Yesterday, after I got the news that the mayor’s spokesman, Fred Sainz, was moving on, I remarked that he was one of the most influential press guys I’d ever run across.
Sainz was a powerful figure at City Hall. He not only shaped the message the public received, he arguably helped shape a lot of the policy that was supposed to be messaged. But it was more than that. It was Sainz’s time at the San Diego Convention Center that influenced his thoughts on things like the Gaylord project in Chula Vista. The mayor’s hostility to that project and to port Commissioner Steve Cushman, when Cushman was up for a third term at the port, undoubtedly came from Sainz. It was one of the many examples of what Sainz brought to City Hall.
Sainz’s influence was also unique for one simple reason: He had license to speak for the mayor. This was a big deal. This was a departure. Former Mayor Dick Murphy, for example, did not allow anyone to speak for him. He may or may not call a reporter back or have a press conference. But if he didn’t do that, you didn’t have any public statement from the mayor. Period.
That was one of the biggest changes in 2005/2006 when Mayor Jerry Sanders took office. We went from this sober, distant, occasional briefing from the grandfatherly Murphy to this hyper eloquent intense pontificating from Sainz.
He saw how messages could get out much better than they ever had been put out at City Hall and he tried to spit out every observation he had in rapid responses. He made sure the mayor had a statement on everything. He set up scores of press conferences for the mayor for the express purpose of controlling the news cycle and trying to make sure the mayor was setting the debate whenever possible.
But his availability with a response was perhaps the reason he became such a well-known figure in San Diego. When you have someone who will speak for the mayor, you can get the mayor to “speak” in essence, a lot more.
Sainz was perfect for this. Few people can think on their feet and speak as quickly and clearly as Sainz can. But to speak with so much spontaneity and authority, he must have had an unlimited mandate from the mayor. And that means he had to know that whatever twist he made while explaining something, he could probably cover with his influence on policy. In other words, he didn’t just have to communicate policy, he got to communicate and then ensure that what he said was reflected in policy.
It was this power, though, that Sainz stumbled over sometimes.
He never met a question he didn’t know the answer to. Most famously, when our own Andrew Donohue asked him a couple of months ago if the mayor had uttered an obscenity to his electoral rival, Steve Francis, Sainz characteristically not only knew the answer but was jarring with his certainty and insistence that Sanders had not, in fact, swore at Francis.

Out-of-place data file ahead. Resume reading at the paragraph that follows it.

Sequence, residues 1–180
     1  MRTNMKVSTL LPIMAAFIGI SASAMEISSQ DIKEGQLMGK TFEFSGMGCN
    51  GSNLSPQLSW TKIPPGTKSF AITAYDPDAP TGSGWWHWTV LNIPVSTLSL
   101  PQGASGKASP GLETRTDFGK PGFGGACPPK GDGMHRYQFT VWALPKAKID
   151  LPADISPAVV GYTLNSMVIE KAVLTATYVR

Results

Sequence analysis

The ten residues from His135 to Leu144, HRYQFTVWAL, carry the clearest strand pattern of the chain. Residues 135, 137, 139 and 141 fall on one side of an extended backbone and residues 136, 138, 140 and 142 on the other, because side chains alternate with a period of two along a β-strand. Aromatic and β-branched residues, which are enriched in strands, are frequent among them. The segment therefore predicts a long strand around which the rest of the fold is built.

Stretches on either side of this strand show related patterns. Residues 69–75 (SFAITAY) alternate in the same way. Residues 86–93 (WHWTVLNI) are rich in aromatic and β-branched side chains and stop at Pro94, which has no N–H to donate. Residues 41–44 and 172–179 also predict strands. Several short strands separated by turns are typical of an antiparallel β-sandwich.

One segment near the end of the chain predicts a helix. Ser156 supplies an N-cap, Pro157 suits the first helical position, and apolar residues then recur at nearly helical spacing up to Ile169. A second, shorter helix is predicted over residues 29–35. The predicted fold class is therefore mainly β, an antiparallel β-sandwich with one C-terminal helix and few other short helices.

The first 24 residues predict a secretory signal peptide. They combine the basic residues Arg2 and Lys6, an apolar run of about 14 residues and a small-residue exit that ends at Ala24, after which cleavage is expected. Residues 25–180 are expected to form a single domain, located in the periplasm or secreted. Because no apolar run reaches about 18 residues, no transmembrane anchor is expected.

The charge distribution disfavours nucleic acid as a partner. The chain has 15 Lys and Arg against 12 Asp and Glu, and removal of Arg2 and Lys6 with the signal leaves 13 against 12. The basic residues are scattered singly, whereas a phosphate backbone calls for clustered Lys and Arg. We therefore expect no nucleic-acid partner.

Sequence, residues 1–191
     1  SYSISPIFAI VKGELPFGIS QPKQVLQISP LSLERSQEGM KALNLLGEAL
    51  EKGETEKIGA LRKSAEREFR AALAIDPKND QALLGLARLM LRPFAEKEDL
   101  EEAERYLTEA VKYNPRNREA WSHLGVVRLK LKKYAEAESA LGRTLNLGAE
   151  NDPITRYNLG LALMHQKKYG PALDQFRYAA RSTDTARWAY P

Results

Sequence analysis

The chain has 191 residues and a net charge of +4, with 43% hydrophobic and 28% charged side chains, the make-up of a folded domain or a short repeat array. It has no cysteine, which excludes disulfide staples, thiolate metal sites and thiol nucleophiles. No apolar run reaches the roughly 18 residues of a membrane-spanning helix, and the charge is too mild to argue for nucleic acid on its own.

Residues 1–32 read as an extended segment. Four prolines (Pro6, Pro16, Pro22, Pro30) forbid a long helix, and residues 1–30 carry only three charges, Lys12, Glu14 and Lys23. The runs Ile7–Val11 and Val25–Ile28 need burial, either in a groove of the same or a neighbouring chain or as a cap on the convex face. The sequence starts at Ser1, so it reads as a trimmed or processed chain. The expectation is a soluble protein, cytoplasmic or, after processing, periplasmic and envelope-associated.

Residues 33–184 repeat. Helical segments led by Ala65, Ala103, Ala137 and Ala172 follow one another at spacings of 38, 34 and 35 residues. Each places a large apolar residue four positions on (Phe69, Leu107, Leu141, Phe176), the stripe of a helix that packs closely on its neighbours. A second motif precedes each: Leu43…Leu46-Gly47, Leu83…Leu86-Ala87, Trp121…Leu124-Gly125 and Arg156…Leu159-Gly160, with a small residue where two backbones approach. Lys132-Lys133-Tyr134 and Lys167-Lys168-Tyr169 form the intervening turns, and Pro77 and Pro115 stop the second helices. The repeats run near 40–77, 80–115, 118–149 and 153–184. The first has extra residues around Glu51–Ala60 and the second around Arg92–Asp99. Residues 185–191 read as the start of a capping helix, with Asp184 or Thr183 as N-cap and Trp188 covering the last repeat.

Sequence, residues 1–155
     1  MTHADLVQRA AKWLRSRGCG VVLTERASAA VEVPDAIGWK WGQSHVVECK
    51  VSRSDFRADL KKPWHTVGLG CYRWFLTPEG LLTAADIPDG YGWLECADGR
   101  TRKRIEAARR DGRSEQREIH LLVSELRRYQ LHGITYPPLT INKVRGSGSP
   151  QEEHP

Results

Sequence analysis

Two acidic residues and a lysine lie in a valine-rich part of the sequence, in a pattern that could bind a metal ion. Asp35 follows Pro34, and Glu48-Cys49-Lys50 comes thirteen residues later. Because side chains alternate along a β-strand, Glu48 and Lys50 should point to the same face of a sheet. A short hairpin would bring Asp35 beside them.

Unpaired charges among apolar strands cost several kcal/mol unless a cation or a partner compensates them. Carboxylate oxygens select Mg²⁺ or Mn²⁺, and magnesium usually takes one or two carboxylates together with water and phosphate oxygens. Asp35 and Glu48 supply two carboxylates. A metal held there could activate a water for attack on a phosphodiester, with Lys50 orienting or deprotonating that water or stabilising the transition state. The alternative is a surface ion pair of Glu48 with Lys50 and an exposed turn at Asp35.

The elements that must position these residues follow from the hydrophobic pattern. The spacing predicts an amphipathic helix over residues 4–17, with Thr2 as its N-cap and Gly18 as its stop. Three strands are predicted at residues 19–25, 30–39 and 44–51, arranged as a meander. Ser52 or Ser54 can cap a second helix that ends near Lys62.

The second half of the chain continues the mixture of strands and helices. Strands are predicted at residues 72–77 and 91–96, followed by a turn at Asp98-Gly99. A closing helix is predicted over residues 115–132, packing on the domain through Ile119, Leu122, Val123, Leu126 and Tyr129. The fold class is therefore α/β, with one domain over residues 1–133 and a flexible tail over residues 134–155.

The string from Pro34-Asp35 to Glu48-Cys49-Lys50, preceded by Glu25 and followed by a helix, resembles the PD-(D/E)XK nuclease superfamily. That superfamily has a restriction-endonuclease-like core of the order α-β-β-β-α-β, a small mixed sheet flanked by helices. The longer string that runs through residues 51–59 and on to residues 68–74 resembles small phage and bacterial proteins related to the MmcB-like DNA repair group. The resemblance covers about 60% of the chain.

Problem was, Sanders did swear at his competitor.
Sainz did that often, speaking with such authority and intensity on a particular issue that it was almost as though he was trying to shame you for thinking the truth could be different. This is fine, as long as you are always speaking the truth. But if someone who speaks with so much intensity turns out to not be telling the truth, it’s a bigger deal than it has to be.
And so it was with Sainz. When he was wrong, he was dreadfully wrong.
Sainz, in many ways, defined the public’s perception of the mayor good and bad. In fact, Sainz badly mishandled the ugliest stain on the mayor’s record, his encounter with the Sunroad building in Kearny Mesa. It was the same recipe as the mayor’s obscenity: He authoritatively denied denied denied only to find himself explaining why he was wrong — never an easy thing to do.
Had the mayor done what he did with the swearing — just admitted that he was off and needed to work to repair anything that had gone wrong, it never would have become what it did.
Sainz’s replacement, Darren Pudgil, is much more low key. Will he still speak for the mayor? Will he advocate like his predecessor did? Will he passively field the daily crises or will he work to craft the mayor’s perception in the community proactively? Will he ever say those magic words Sainz struggled with: “I don’t know.”
It’ll be interesting to see.